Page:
Lawd, William, [Laud]. A Relation of The Conference betweene William Lawd, Then, Lrd. Bishop of St. Davids; now, Lord Arch-Bishop of Canterbury: And Mr. Fisher the Jesuite, by the Command of King James of ever Blessed Memorie; With an Answer to such Exceptions as A. C. takes against it. London: Richard Bager, Printer to the Prince HIS HIGHNES, 1639. First Edition. 
Contemporary calf with blind tooling, raised bands, replaced red leather title label, 9 3/4 inches tall. Binding quite worn and scuffed, yet with intact joints; recent title label raised at one edge. Lacking the front pastedown & blanks, begins at title page, title page with thin loss at bottom margin. , 388 pp. Leaf 75-66 bound out of order; almost every leaf with some words neatly underlined in brown ink; many margins with worming; a few leaves with edge tears; last leaf 387-88 lacking bottom third removing 10 lines on the recto, none on the verso.
ESTC S113162. "In part a reply to: A. C. True relations of sundry conferences had betweene certaine Protestant doctours, and a Jesuite called M. Fisher...Variant (found in large-paper and some small-paper copies): title has 'Lawd'".
"On 23 April 1622 James sent for Laud, asking him to use his influence with the Countess of Buckingham, who was attracted towards the church of Rome by the arguments of Percy, a Jesuit who went by the name of Fisher. By the king's orders there had been two conferences held in her presence between Fisher and Dr. Francis White, and on 24 May 1622 a third conference was held, in which Laud took the place of White. The subject then discussed was the infallibility of the church.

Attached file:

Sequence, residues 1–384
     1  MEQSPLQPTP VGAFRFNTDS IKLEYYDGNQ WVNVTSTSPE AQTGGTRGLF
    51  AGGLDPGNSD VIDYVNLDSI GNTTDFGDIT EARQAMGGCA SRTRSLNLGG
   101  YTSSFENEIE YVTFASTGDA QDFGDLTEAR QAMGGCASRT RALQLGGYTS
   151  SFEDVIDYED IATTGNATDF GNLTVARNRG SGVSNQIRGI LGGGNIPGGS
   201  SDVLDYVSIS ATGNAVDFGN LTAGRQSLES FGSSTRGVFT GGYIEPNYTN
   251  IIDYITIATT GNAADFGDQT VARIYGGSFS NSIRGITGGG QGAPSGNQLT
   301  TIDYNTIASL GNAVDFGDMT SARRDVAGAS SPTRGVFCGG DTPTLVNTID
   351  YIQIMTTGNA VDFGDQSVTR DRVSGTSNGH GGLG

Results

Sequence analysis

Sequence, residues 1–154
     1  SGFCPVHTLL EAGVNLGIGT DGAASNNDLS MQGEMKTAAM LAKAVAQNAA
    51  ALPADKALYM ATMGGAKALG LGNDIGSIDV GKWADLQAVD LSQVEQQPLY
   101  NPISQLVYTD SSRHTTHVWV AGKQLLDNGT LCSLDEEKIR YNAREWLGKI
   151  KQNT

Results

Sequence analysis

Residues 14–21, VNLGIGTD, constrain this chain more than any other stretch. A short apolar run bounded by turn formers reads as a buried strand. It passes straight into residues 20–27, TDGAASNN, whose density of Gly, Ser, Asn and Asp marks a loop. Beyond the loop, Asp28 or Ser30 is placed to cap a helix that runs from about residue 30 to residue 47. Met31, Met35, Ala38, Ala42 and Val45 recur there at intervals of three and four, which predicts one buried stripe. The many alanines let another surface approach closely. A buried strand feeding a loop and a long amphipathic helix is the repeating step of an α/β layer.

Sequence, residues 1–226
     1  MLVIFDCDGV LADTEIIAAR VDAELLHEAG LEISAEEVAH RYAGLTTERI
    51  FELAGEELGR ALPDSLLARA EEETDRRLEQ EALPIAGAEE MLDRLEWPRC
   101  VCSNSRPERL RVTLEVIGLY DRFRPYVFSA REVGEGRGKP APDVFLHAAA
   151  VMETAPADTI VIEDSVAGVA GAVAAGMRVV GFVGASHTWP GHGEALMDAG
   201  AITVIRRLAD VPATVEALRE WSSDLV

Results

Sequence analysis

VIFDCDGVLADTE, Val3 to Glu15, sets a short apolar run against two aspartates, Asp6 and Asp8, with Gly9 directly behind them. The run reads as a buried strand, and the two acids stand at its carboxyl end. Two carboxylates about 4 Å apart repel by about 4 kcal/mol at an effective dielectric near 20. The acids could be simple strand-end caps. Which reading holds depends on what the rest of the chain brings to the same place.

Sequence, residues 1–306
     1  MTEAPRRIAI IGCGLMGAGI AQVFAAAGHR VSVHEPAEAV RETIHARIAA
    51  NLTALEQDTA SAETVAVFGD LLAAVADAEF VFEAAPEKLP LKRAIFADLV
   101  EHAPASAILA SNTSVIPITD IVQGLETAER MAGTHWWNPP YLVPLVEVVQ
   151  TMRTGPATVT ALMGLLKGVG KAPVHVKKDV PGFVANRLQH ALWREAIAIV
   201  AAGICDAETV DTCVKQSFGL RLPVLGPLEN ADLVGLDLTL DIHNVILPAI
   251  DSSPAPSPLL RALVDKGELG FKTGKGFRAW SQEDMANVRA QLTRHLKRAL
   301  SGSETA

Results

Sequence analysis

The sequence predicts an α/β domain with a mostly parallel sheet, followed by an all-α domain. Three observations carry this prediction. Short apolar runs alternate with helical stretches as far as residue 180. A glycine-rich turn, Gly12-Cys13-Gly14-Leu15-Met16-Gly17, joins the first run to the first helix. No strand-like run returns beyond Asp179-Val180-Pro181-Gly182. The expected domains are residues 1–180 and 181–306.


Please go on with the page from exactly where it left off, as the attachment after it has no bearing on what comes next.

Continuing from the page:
"Laud's arguments on this occasion, together with their subsequent enlargement in his account of the controversy published in 1639, mark his ecclesiastical position in the line between Hooker and Chillingworth. On the one hand he acknowledged the church of Rome to be a true church, on the ground that it 'received the Scriptures as a rule of faith, though but as a partial and imperfect rule, and both the sacraments as instrumental causes and seals of grace' (Works, ii. 144). He strove against the position 'that all points defined by the church are fundamental' (ib. ii. 31), attempting as far as possible to limit the extent of 'soul-saving faith' (ib. ii. 402). The foundations of faith were 'the Scriptures and the creeds' (ib. ii. 428). When doubts arose 'about the meaning of the articles, or superstructures upon them—which are doctrines about the faith, not the faith itself, unless when they be immediate consequences - then, both in and of these, a lawful and free general council, determining according to Scripture, is the best judge on earth' (ib.). Laud, in short, wished to narrow the scope of dogmatism, and to bring opinions not necessary to salvation to the bar of public discussion by duly authorised exponents, instead of to that of an authority claiming infallibility (on the bibliography of the controversy see the editor's preface to the 'Relation of the Conference,' Works, vol. ii.).
"Though Laud's arguments failed permanently to impress the Countess of Buckingham, they gave him great influence over her son. On 15 June, as he states in his diary, he 'became C[onfessor] to my Lord of Buckingham,' and was afterwards consulted by him on his religious difficulties." - DNB.
The 24 p. introduction is addressed to Charles I. King James I. had died in 1625, between the time of the Conference (1622) and this publication (1639).
William Laud (1573-1645), royal chaplain to James I., archbishop and religious advisor to Charles I.; he wielded immense power in the Church of England. Archbishop Laud was of a High-Church and anti-Puritan persuasion and used his power to suppress Puritanism to the best of his ability. He was loyal to the Crown and is accused of arbitrary and tyrannical acts against those whose religious views he condemned. He was fiercely resisted by the Church of Scotland. He was tried and executed by the House of Commons.